It’s possible to take issue with Marriage Story as a His-and-Hers melodrama that’s more interested (and sympathetic) to Him, or to call out Baumbach’s pathological fascination with bourgie cruelty, but Driver is above reproach. The film ends with Charlie singing Stephen Sondheim’s ’70s Broadway standard “Being Alive,” a song about the relationship between agony and vitality (“Someone to hold you too close / Someone to hurt you too deep”). At first, Driver’s small-voiced singing has a sarcastic quality, and his clipped, precise pronunciation is like an affectionate dig at his own theater-kid origins—a little bit of wine-bar karaoke for the hell of it. As the song continues, though, we can see that he’s transported by it, and the imperfection of his belting is not only realistic but limns the difference between musical theater—with its heightened, utopian version of reality—and the behind-the-scenes experiences that go into its creation.

Besides serving as Marriage Story’s cathartic climax, “Being Alive” anticipates the musicality of Annette, which, other than the Ape of God scenes, is almost fully sung-through. Driver not only has to modulate Henry’s descent into evil in a way that keeps us invested, he has to do it on beat and on key. He doesn’t falter, and in the final duet—which happens to boast the movie’s most undeniable melody—he digs even deeper than Marriage Story; instead of tentatively inhabiting a Broadway standard, he takes an off-kilter original and makes it his own. The film’s closing tableau is of a man who’s backed himself into a dark corner, with nobody to talk to and, as the final lyrics suggest, nothing to love. “Stop watching me,” Driver mutters, signaling the movie’s end with a heartfelt but impossible request—as if we could ever take our eyes off of him.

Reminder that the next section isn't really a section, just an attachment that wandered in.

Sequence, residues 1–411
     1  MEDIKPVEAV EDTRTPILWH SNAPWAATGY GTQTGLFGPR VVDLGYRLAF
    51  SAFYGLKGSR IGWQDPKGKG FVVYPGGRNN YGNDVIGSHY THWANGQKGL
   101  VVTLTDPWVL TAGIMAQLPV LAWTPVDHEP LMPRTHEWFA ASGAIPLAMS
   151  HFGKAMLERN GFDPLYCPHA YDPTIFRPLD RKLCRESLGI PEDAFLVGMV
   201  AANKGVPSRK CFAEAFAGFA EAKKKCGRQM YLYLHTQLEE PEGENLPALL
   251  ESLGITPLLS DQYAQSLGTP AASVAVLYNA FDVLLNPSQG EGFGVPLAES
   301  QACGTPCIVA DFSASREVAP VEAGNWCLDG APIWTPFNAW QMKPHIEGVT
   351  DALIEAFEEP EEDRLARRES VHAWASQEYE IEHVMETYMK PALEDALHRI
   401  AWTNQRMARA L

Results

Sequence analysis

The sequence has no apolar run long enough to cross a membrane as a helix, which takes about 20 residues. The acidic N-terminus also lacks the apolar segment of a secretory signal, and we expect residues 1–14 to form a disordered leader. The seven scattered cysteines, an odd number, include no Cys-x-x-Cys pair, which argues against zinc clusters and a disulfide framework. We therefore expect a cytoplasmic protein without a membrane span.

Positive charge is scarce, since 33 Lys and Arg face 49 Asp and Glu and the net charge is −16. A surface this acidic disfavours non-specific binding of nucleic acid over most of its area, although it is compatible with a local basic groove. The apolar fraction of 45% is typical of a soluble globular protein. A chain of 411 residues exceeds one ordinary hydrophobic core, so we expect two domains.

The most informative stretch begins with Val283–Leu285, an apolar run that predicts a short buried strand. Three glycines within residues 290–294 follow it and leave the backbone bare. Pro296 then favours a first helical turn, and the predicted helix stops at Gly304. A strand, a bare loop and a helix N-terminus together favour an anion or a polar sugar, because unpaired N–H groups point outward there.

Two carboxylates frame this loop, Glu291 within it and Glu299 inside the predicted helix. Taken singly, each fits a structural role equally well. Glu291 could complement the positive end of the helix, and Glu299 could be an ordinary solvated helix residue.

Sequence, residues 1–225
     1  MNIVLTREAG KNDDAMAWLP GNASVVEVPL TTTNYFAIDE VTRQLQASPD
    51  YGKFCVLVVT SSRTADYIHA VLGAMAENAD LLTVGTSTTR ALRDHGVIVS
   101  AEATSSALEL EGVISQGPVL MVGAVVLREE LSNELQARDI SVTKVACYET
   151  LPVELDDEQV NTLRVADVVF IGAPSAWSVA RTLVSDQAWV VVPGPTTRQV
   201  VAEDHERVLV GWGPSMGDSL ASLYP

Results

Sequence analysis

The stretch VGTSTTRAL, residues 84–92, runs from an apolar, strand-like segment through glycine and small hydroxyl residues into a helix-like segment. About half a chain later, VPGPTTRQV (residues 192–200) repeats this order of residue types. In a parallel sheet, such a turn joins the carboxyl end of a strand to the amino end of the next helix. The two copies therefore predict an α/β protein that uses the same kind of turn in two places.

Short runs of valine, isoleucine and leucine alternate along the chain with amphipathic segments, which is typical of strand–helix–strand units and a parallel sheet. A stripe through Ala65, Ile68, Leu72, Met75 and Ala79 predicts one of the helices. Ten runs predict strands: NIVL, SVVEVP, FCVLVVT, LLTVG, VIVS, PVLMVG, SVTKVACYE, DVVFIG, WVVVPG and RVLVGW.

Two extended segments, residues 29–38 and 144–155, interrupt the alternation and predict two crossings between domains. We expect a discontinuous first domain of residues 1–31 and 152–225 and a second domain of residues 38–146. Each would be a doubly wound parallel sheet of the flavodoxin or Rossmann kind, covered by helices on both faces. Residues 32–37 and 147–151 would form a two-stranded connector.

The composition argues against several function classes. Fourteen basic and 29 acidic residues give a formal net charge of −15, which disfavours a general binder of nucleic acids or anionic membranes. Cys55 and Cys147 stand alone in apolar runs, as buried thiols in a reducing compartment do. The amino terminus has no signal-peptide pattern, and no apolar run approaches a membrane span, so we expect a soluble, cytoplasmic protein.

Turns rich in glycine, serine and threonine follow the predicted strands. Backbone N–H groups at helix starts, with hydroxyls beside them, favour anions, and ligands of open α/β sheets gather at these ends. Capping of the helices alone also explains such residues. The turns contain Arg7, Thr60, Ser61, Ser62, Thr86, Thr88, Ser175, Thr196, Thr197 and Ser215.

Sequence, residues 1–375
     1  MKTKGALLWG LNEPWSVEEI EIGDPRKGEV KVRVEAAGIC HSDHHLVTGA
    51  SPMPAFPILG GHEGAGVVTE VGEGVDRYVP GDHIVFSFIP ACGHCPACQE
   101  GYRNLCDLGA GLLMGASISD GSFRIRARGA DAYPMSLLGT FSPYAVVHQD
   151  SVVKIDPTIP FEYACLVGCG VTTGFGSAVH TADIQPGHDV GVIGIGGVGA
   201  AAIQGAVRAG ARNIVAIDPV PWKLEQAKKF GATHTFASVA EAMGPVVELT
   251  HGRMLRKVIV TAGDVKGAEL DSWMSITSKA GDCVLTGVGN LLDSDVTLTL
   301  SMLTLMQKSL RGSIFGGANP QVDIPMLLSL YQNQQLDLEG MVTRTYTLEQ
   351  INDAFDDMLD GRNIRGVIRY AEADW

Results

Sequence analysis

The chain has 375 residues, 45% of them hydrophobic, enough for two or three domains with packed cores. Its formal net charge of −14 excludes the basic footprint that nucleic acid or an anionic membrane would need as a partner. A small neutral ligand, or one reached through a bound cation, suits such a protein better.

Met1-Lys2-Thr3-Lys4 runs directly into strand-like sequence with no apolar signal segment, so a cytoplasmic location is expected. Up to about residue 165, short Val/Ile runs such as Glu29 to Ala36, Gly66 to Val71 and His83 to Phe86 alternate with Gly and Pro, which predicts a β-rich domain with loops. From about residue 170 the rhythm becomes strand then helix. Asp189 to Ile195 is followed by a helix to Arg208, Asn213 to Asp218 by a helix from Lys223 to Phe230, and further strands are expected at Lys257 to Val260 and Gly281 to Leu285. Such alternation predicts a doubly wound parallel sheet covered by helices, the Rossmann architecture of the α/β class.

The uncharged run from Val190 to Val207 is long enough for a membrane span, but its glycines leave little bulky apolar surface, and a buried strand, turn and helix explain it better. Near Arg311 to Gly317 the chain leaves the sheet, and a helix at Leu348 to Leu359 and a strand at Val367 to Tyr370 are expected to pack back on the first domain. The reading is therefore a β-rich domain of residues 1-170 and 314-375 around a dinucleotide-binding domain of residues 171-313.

Adam Nayman is a film critic, teacher, and author based in Toronto; his book The Coen Brothers: This Book Really Ties the Films Together is available now from Abrams.